This is Episode 25 in the story of the formation, rise and fall of the little education collective that used to exist up here on our mountain. I wrote and posted this account three years ago on my blog and then pulled it off because someone whose name I had not changed, objected. Now I have changed both the name of the little school itself, and the names of everyone who might be negatively impacted, and plan to re-post the story, one episode per day, until all 32 are again on my blog.
As a collective, we were marking time, waiting for the next assault. Approaching the Fall of 1989, we had already seen Karen relinquish her position as Misha’s contract teacher, the Collective vote to remove Misha from the little school, and the assignment of Lynn as Misha’s new contract teacher. We were walking the path from Joe’s house to the school, with only one emergency vehicle being driven in to the school. That was Rosemary’s car because she was physically incapable of walking, either on the path or on the road.
We may have proceeded indefinitely along this course, except that Imika made one more phone call, this one to our good friends down at the county building department, informing them of our failure to have garnered the necessary documentation that affirmed our school was child-safe. The structure itself was built according to code, and the materials met the appropriate standards; the carpenters had simply neglected to let Mendocino County in on their plans.
The debate about how much regulation the municipality should have over rural parts of the state, has been droning on since the powers that be figured out that there was gold in them thar hills, in more ways than what could be grown in the ground. Fortunately for the brave souls, who were independent enough to be able to flourish in areas remote enough to daunt the hardiest of pioneers, the county was simply unable to defray the cost of the necessary agents, needed to scour the countryside for the miscreants who refused to kowtow to what they felt were unreasonable intrusions on the tranquility of their pastoral setting.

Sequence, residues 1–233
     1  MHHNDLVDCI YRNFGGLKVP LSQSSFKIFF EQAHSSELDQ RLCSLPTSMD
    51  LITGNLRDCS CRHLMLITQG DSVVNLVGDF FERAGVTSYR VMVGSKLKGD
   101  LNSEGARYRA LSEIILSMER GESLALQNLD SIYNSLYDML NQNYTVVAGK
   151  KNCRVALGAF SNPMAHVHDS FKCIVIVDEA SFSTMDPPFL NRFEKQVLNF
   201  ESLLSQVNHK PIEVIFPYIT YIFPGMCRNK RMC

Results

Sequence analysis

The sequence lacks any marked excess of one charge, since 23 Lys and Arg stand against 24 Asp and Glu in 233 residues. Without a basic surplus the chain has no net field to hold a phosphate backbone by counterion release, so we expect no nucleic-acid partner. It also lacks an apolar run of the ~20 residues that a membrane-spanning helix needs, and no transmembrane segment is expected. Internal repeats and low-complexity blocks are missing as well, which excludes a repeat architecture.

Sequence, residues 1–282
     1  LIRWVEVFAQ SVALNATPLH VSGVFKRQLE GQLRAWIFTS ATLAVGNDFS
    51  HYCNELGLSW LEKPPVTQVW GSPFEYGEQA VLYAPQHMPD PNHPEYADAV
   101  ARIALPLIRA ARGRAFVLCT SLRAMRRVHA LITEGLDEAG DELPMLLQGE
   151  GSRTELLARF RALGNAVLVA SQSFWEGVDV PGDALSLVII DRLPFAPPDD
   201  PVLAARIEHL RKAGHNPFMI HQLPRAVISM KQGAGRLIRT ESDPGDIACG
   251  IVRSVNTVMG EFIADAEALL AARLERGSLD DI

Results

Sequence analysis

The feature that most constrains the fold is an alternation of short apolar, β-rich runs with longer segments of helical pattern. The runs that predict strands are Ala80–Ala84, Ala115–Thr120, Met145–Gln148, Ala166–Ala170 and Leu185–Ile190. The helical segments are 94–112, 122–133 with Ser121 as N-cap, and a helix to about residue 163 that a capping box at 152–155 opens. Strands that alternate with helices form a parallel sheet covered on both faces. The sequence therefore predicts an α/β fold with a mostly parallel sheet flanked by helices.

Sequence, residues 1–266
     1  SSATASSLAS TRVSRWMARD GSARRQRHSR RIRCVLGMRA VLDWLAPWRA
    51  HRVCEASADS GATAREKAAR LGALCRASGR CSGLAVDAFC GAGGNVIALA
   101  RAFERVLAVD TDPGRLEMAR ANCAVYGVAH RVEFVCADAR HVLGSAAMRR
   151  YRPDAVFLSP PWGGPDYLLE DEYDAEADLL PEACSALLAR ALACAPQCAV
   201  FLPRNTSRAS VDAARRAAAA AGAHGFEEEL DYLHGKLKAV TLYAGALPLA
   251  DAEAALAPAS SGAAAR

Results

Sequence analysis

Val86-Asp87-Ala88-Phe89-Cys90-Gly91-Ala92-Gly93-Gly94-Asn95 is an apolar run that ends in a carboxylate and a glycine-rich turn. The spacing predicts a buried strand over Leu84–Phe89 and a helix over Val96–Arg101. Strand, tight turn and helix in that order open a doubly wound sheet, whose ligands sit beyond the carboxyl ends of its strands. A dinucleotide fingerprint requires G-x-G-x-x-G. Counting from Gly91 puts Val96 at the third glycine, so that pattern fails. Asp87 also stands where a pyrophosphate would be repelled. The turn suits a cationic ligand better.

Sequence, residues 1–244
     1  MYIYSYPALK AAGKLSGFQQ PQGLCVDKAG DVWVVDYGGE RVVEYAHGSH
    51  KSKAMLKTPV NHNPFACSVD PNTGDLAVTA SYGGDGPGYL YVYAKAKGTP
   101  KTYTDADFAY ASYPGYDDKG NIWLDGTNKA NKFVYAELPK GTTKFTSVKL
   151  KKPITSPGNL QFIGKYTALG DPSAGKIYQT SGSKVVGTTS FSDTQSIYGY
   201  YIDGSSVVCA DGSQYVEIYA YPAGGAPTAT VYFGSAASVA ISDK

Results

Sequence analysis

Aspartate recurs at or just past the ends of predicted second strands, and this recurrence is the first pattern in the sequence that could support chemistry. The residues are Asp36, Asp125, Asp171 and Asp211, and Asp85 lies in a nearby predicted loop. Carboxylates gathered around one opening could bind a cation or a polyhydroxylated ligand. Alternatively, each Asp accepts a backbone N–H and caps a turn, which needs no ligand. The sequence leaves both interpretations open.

Indeed, just maneuvering one’s way back to the little school involved some sophisticated driving, and the faint of heart need not attempt to traverse this road, because it would take more than just heart to survive: it would take skill and daring. The road itself is not that bad-it just seems that way. Much of the opening half-mile or so is relegated to one-way status, which is not an issue most of the time, because the road is not that frequented.
However, if a person is already nervous about driving gnarly, backwoods, dirt roads, and a situation arises that requires backing up because you encounter an approaching vehicle, it is enough to make a person think more than twice before even attempting it in the first place.
Barf Hill is a single-lane, steep portion of the road that climbs precipitously as you drive toward the school.
Certainly one of my most terrifying moments cropped up when I attempted to drive my two-wheel-drive Chevy pickup up this road, during a storm. It had begun drizzling as I left my house, but turned to snow, as I climbed in elevation, while making my way around the back side of Cow Mountain to the two-room school.
On this particular occasion, I was talking animatedly to the boys as we drove conservatively up the hill toward the school. The higher we ascended, the more the road began to announce that traction was an immediate and dire concern for a pickup truck with no four-wheel-drive. What do you do when you are escalating rapidly, and you find that your rear wheels are spinning on the icy road and you have absolutely no control over your sliding vehicle?The only direction is down.